Biomimicry – A conversation with Janine Benyus

Janine Benyus at TEDGlobal 2009, Session 4: "Nature's challenge," July 22, 2009, in Oxford, UK. Credit: TED / James Duncan Davidson

For anyone beginning to explore biomimicry, or wanting to introduce it to new audiences, there is a superb resource online that is often buried below the glamour of TED talks. The new academic year means introducing biomimicry to fresh minds, so I thought I would start sharing the resources I use to do this.

A conversation with Janine Benyus

There is no replacement for reading the seminal text of Biomimicry: Innovation inspired by nature, but there is an excellent introductory overview that Janine posted on the website, that I designed, many moons ago. We use this as the first hand out in class to get all the students up to speed. It touches on all the big topics, such as;

  • Introduction to biomimicry, what is it, where it came from
  • Why biomimicry is critical for humanity now
  • The future of agriculture, farming like a prairie
  • The future of business, shifting our “niche”
  • Case studies for further research
This overview was written almost a decade ago, and is still the best entry point into the topic of biomimicry.

Favourite Quotes

Introducing the concept of biomimicry:

The conscious emulation of life’s genius is a survival strategy for the human race, a path to a sustainable future. The more our world functions like the natural world, the more likely we are to endure on this home that is ours, but not ours alone.

Biomimicry evolving our business practices:

Back before our world was full, and we always had somewhere else to go, this colonizing “Type I” strategy allowed us to stay one step ahead of reality. These days, when we’ve gone everywhere there is to go, we have to forget about colonizing and learn to close the loops.

Closing the loops means trying to emulate the natural communities that know how to stay put without consuming their ecological capital. Mature ecosystems such as oak-hickory forests are masters of optimizing, rather than maximizing, throughput. They recycle all their wastes, use energy and materials efficiently, and diversify and cooperate to use the habitat without bankrupting it. Ecologists call these Type III communities.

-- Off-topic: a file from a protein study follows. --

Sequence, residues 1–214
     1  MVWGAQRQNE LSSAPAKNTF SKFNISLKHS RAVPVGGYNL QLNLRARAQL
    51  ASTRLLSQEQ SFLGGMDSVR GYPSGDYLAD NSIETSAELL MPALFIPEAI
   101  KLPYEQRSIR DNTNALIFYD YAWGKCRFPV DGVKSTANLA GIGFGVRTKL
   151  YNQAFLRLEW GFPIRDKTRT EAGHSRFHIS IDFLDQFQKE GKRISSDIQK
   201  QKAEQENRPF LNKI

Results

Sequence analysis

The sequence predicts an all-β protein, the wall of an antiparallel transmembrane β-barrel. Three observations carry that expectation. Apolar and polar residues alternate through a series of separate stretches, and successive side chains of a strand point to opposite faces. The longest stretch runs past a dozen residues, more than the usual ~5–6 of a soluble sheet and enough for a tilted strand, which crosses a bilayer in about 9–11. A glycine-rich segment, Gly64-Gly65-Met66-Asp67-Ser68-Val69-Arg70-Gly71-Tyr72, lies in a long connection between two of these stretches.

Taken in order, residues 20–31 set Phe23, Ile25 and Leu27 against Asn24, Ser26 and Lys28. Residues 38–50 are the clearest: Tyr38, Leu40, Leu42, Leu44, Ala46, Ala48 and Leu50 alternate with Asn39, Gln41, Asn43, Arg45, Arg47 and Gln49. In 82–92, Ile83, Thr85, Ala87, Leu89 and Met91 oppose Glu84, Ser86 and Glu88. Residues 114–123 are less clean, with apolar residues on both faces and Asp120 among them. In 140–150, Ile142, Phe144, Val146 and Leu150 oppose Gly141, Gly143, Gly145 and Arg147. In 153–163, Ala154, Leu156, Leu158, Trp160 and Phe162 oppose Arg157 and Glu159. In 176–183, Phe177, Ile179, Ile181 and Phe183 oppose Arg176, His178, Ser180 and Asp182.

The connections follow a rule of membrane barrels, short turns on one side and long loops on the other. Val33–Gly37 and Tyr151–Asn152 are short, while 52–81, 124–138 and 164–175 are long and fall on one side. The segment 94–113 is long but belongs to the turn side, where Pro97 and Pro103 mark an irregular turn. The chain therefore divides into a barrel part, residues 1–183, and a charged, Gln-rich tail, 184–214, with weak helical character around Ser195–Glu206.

Deep concepts that have influenced my exploration of biomimicry:

  • How biomimicry can influence design practice; nature as model, measure and mentor.
  • What we should learn from nature; form, process and ecosystem level natural strategies.

Final Thoughts

When I re-read the interview with Janine this semester I was blown away by the fact that everything is in there. All the concepts that have reverberated through my exploration, teaching and experiments where sewn at the very beginning and continue to resonate with new meanings as I dive into them further.

The TED talks are great candy treats to soak up, and is often the place that most people begin with biomimicry, but there is no replacement for the conceptual depth of Janine’s writing.

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One Comment on “Biomimicry – A conversation with Janine Benyus”

  1. […] Janine Benyus’s overview of Biomimicry – her book synthesized into a core outline […]


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